ABSTRACT Necrotizing fasciitis is a rare but life-threatening soft-tissue infection characterized by rapidly spreading inflammation and subsequent necrosis of the fascial planes and surrounding tissue. Infection typically follows trauma, although the inciting insult may be as minor as a scrape or an insect bite. Often caused by toxin-producing, virulent bacteria such as group A streptococcus and associated with severe systemic toxicity, necrotizing fasciitis is rapidly fatal unless diagnosed promptly and treated aggressively. Necrotizing fasciitis is often initially misdiagnosed as a more benign soft-tissue infection. The single most important variable influencing mortality is time to surgical débridement. Thus, a high degree of clinical suspicion is necessary to avert potentially disastrous consequences. Orthopaedic surgeons are often the first to evaluate patients with necrotizing fasciitis and as such must be aware of the presentation and management of this disease. Timely diagnosis, broad-spectrum antibiotic therapy, and aggressive surgical débridement of affected tissue are keys to the treatment of this serious, often life-threatening infection.
SourceAvailable from: Slobodanka Lj MitrovicVojnosanitetski pregled. Military-medical and pharmaceutical review 03/2015; 72(3):295-298. · 0.27 Impact Factor
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ABSTRACT: Klebsiella pneumoniae necrotizing fasciitis is a rare infection in regions outside of Asia. Here, we present a case of necrotizing fasciitis of the leg caused by K. pneumoniae in a 92-year-old French woman hospitalized in a geriatric rehabilitation unit. The patient initially presented with dermohypodermitis of the leg that developed from a dirty wound following a fall. A few hours later, this painful injury extended to the entire lower limb, with purplish discoloration of the skin, bullae, and necrosis. Septic shock rapidly appeared and the patient died 9 hours after the onset of symptoms. The patient was Caucasian, with no history of travel to Asia or any underlying disease. Computed tomography revealed no infectious metastatic loci. Blood cultures showed growth of capsular serotype K2 K. pneumoniae strains with virulence factors RmpA, yersiniabactin and aerobactin. This rare and fatal case of necrotizing fasciitis caused by a virulent strain of K. pneumoniae occurred in a hospitalized elderly woman without risk factors. Clinicians and geriatricians in particular should be aware of this important albeit unusual differential diagnosis.Clinical Interventions in Aging 07/2014; 9:1171-4. DOI:10.2147/CIA.S60812 · 1.82 Impact Factor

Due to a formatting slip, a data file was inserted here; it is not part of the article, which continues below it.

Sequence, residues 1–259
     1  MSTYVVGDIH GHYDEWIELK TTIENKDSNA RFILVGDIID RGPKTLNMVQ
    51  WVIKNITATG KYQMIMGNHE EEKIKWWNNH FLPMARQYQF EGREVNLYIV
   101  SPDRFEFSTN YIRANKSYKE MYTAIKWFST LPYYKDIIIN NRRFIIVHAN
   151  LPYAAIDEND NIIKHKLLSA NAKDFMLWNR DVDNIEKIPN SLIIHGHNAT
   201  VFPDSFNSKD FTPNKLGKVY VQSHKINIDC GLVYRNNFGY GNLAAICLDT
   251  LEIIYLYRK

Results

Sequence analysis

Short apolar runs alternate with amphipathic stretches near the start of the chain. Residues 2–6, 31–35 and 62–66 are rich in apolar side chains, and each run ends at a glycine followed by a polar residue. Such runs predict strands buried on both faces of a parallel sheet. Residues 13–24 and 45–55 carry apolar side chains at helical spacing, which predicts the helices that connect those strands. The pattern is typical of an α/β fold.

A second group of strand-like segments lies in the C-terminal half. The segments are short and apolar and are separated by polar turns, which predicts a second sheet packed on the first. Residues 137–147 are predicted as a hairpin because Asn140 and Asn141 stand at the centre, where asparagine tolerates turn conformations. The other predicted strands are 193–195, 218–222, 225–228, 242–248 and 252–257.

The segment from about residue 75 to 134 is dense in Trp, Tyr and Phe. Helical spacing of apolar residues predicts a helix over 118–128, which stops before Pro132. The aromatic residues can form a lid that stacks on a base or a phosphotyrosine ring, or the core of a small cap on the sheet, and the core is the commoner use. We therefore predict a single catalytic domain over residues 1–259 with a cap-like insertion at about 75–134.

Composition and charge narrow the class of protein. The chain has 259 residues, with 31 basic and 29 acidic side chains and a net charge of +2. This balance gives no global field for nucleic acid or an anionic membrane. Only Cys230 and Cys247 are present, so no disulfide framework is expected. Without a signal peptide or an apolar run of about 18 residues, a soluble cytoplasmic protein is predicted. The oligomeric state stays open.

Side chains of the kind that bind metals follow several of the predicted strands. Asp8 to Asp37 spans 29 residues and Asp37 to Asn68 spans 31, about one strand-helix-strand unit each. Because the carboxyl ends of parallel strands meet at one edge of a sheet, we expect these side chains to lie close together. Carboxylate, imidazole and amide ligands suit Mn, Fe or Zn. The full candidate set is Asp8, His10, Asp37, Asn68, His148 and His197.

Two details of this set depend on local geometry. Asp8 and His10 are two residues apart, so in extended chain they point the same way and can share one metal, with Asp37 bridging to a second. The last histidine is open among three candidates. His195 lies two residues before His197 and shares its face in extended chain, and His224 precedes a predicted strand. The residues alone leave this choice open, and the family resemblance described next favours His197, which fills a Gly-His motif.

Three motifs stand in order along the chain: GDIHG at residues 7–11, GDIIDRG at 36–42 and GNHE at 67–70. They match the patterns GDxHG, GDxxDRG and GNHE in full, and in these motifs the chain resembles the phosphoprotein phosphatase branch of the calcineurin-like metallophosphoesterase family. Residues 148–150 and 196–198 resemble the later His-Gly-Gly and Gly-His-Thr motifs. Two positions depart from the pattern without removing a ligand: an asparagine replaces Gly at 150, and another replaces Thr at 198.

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ABSTRACT: Fournier's gangrene is a rare but rapidly progressive necrotizing infection that results from the synergistic action of multiple aerobic and anaerobic organisms colonized on the skin and in the anogenital area. This is a case report of a middle-aged man with late presentation of Fournier's gangrene that was treated aggressively by a team of infectious disease specialists, surgeons, intensivists, and intensive care unit specialty nurses over a 3-week period. Despite heroic efforts by the multidisciplinary team, the patient's condition deteriorated and he died of multisystem failure. The purpose of this article was to alert clinicians to the etiology, pathophysiology, risk factors for invasive necrosis, prognostic indicators, and current diagnostic and treatment recommendations. Fournier's gangrene represents a true medical and surgical emergency and requires early recognition and a team approach to management.Critical care nursing quarterly 04/2015; 38(2):143-53. DOI:10.1097/CNQ.0000000000000055